“India has a very strong role to play in the future of electric and it is incumbent upon us to really push India on a global stage in this very necessary technology of the future.”
BHAVISHAG GARWAL CHAIR MAN AND GROUP CEO,OLA
“IT’S SIMPLISTIC TO say that ‘Ola is the Tesla of India’ or ‘the Uber of India’. But we’re not. We are the Ola of the world.”
Bhavish Aggarwal, the 35-year-old founder of ride-hailing unicorn Ola, minces no words when outlining the scale of ambition he has for Ola Electric. The past two months have been awash with news about the startup’s planned ₹2,400-crore mega factory in Krishnagiri, Tamil Nadu. At its full capacity of 10 million units by next year, Ola’s Future Factory will roll out one electric scooter (e-scooter) every two seconds. Once completed, the 500-acre factory—the world’s largest two-wheeler plant— will account for 15% of the world’s two-wheeler production. Clearly, Aggarwal wants nothing less than an electric vehicle (EV) revolution.
“When we started offwith electric mobility, we had two choices: do we play incremental and small, or do we play disruptive and big? We chose the latter,” says Aggarwal, chairman and group CEO, Ola. “We have to play a technology game to compete with global leaders on a global stage. Our ambition is to be one of the world’s leading EV companies.” Ola Electric was carved out of Bengaluru-based Ola in 2017 and became a unicorn two years later, backed by Tiger Global, Matrix Partners, and SoftBank.
Ola’s game plan is simple: build economies of scale to get the “most aggressively priced” two-wheeler into the market in the next few months, and a four-wheeler by 2023. “You can’t produce EVs at low cost unless you play at scale,” says Aggarwal. Varun Dubey, Ola Electric’s head of marketing, concurs. “If you want to break the market, it’s not going to happen if you sell 2,000-4,000 units,” he says. Around 30%-40% of the factory’s produce, says Aggarwal, will be earmarked for exports to Europe, Asia, and Latin America. It also plans to start production in key foreign markets down the road.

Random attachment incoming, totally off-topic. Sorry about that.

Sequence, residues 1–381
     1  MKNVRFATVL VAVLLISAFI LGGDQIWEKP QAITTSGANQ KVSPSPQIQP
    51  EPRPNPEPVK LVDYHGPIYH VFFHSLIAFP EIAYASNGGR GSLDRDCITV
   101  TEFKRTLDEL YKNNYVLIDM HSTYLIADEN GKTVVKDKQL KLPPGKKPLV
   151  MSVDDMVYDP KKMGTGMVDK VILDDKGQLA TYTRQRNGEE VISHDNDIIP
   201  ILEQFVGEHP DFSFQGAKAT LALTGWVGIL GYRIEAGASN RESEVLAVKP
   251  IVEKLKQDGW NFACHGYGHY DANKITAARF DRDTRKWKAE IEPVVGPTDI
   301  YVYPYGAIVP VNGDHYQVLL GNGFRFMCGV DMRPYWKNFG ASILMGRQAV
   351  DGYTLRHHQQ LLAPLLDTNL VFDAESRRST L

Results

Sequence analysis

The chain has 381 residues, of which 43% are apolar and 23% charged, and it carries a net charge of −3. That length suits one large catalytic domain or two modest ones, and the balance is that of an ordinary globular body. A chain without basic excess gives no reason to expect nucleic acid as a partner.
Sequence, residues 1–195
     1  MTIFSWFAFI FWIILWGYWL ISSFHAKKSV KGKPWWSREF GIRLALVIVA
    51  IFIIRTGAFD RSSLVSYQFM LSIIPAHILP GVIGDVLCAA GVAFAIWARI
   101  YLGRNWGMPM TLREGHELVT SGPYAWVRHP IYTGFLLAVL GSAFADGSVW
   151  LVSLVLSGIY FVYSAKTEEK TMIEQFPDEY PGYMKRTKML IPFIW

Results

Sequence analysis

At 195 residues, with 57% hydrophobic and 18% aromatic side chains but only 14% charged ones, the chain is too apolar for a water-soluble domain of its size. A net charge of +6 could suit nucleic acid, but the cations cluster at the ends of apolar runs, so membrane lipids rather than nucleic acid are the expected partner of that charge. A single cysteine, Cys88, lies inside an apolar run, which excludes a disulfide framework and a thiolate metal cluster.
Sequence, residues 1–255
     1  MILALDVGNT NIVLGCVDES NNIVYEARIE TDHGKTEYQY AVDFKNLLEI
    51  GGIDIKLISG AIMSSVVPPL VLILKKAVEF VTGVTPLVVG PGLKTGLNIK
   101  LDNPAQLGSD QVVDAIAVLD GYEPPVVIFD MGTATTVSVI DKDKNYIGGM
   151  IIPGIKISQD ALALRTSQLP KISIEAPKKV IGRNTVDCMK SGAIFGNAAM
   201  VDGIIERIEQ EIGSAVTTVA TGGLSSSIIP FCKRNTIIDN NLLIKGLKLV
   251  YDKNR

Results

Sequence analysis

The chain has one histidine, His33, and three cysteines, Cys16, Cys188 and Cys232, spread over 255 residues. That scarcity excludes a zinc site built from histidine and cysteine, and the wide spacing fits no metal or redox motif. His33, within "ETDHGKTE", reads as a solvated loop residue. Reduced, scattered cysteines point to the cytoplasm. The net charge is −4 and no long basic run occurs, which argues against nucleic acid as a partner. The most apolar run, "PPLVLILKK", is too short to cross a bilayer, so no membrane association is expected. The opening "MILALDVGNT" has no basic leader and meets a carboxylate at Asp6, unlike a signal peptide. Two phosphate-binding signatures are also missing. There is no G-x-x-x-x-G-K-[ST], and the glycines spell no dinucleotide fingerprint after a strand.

BUT BEFORE IT takes on the world, Ola has to do battle on its home turf, the largest two-wheeler market in the world. In a highly fragmented EV industry, Ola will be competing with legacy players like Bajaj Auto, TVS Motor, and Hero Electric, as well as new-age startups like Ather Energy, Okinawa Autotech, and Ampere Vehicles. But given Ola’s planned production capacity is half the size of India’s entire ICE (internal combustion engine) twowheeler market, it is clearly gunning for everyone. “Already 20 million people are buying two-wheelers. Our intent is not to start creating demand for electric. There is a huge demand for a better scooter. This is not the best e-scooter, but the best scooter you can buy,” Dubey explains.
From Kinetic Honda to Bajaj Chetak, the quintessential Indian middle class has always embraced the scooter as their preferred mode of transport. But despite that ubiquity, India sells only around 150,000 electric two-wheelers a year, which is less than 1% of the total market and ranks it outside the top three globally. To promote the use of EVs, the government announced a ₹10,000-crore outlay in March 2019 for the second phase of its Faster Adoption and Manufacturing of (Hybrid and) Electric Vehicles, or FAME-II, scheme. That push, a wider choice of vehicles, and growing awareness of an EV’s cost-benefit will propel the industry. Consulting firm McKinsey forecasts sales of 4.5 million to 5 million units, or 25%-30% of the market, in FY25.
A FACTORY OF THE FUTURE
Ola Electric’s proposed mega factory, called the Future Factory, at Tamil Nadu’s Krishnagiri, is expected to be completed by next year. But e-scooters will start rolling off its assembly from June this year.
The upcoming plant will be the world’s largest twowheeler factory, built on 500 acres in Tamil Nadu, with an investment of ₹2,400 crore.
The integrated manufacturing facility will house operations for battery, paint shop, welding, motor, general assembly, finished goods, and will also have two supplier parks. The plant will also have its own test track.
Built using Industry 4.0 smart manufacturing techniques, the factory will use 3,000 robots across various operations and is expected to create 10,000 jobs.
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